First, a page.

• modifying or postponing any planned vigorous activity
  • consider having adequate shade on school grounds from man-made structures (tents, sails and umbrellas) and/or trees
  • educate and encourage students and school staff to stay hydrated
  • display heat guidelines and charts in prominent locations in the school for reminders around hydration and symptoms
  • have water fountains located around the school premises
  • review first aid kits and consider the inclusion of additional ice packs and hydrolytes.

Preparedness

Schools must:

  • subscribe to the heat health alerts, advisories and newsletters for regular monitoring of outdoor weather conditions through the Health Vic website
  • download and subscribe to the VicEmergency App
  • set up a ‘watch zone’ as per advice within the VicEmergency App, to receive these heat health alerts

During a period of extreme heat schools should also actively consider:

  • utilising large industrial fans and/or ensuring indoor spaces have open doors and windows or air conditioning access during activities, especially during activity rest periods
  • modifying or postponing any planned vigorous activity
  • rescheduling/moving classes from classrooms with direct sunlight/no cooling
  • closing any internal and external blinds
  • selecting suitable uniform options
  • measures to reduce risk to students in school council operated outside school hours care (OSHC)
  • varying school hours by reducing midday recess to no less than 30 minutes and adjusting the dismissal time accordingly.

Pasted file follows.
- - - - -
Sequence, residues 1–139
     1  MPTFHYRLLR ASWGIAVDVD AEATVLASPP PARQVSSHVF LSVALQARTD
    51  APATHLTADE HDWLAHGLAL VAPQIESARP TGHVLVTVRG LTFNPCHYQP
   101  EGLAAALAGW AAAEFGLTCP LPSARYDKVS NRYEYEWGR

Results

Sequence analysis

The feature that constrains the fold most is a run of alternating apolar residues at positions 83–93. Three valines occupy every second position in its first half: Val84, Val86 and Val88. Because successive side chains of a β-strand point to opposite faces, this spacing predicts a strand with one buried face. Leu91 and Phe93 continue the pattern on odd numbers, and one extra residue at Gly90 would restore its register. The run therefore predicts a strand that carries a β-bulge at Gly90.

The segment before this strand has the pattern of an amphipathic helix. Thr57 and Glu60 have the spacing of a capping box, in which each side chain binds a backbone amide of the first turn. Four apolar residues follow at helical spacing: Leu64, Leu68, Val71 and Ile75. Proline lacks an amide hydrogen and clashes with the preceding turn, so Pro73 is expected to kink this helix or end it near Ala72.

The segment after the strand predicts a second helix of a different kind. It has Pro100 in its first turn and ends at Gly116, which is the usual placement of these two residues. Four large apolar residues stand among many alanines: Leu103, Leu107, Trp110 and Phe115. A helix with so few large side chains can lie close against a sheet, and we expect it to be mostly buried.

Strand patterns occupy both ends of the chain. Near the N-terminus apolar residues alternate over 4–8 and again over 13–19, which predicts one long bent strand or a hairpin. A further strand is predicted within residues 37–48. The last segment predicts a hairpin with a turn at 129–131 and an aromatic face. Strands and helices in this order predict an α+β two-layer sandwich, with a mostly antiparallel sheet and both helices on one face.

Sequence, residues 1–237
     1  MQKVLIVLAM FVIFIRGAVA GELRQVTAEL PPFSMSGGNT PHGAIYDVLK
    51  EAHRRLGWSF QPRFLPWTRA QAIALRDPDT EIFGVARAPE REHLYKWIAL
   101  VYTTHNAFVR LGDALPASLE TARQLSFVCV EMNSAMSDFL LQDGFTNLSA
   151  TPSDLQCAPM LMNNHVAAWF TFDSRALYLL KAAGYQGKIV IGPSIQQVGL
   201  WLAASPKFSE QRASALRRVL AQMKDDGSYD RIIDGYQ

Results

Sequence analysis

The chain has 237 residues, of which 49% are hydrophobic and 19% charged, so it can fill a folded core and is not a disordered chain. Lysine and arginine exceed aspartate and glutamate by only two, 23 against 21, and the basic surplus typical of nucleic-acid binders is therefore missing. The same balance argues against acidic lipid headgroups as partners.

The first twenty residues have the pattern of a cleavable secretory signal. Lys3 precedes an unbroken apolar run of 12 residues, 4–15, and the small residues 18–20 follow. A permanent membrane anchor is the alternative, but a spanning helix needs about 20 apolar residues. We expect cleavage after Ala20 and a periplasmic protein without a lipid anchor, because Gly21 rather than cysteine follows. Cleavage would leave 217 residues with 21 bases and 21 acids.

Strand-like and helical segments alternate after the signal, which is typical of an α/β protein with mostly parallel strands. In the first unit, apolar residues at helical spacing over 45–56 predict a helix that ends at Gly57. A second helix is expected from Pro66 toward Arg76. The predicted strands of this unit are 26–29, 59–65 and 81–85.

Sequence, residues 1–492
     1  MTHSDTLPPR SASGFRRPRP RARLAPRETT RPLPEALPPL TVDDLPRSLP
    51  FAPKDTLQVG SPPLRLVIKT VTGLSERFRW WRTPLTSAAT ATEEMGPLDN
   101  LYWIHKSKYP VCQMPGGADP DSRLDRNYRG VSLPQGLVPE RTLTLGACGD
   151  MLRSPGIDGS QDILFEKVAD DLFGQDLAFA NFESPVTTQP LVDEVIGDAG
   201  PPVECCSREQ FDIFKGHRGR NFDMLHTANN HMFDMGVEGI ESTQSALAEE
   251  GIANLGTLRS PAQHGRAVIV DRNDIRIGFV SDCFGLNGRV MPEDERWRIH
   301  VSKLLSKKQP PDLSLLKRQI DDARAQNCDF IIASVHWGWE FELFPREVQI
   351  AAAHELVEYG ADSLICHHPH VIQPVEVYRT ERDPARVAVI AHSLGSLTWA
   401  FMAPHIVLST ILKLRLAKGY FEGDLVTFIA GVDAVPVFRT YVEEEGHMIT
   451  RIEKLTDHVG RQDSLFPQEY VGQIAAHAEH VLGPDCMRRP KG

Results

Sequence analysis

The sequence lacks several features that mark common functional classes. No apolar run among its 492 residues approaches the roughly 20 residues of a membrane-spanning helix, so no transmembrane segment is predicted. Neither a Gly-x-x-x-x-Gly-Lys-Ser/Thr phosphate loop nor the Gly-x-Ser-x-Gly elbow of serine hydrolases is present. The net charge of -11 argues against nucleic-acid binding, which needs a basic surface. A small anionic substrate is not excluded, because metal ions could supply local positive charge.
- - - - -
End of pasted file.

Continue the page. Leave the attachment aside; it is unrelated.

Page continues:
Heat health alerts

Upon receiving advice of a heat health alert schools must brief staff:

  • on the school’s expectations in regard to management of the risks associated with extreme hot weather
  • to be extra vigilant during periods of prolonged heat.

Schools are also encouraged to:

  • notify parents/carers about school heat conditions and remind them to provide their child with water and apply SPF 50 sunscreen
  • include information on the school's heat protective procedures and processes in a school newsletter or communication.

Other heat health messages

  • Drink water — even if you don't feel thirsty, drink water. Take a bottle with you always.
  • Hot cars kill — never leave children, adults or pets in hot cars. The temperature inside a parked car can double within minutes.
  • Keep cool — seek out air-conditioned buildings, draw your blinds, use a fan, take cool showers and dress in light and loose clothing made from natural fabrics.
  • Plan ahead — schedule activities in the coolest part of the day and avoid exercising in the heat. If you must go out, wear a hat and sunscreen and take a bottle of water with you.

Relevant legislation

Department policy on preparing for and managing the risks associated with extreme hot weather and heat wave

Reviewed 17 February 2021

Policy last updated

15 June 2020

Scope

  • Schools

Contact

Policy and Intelligence Unit Security and Emergency Management Division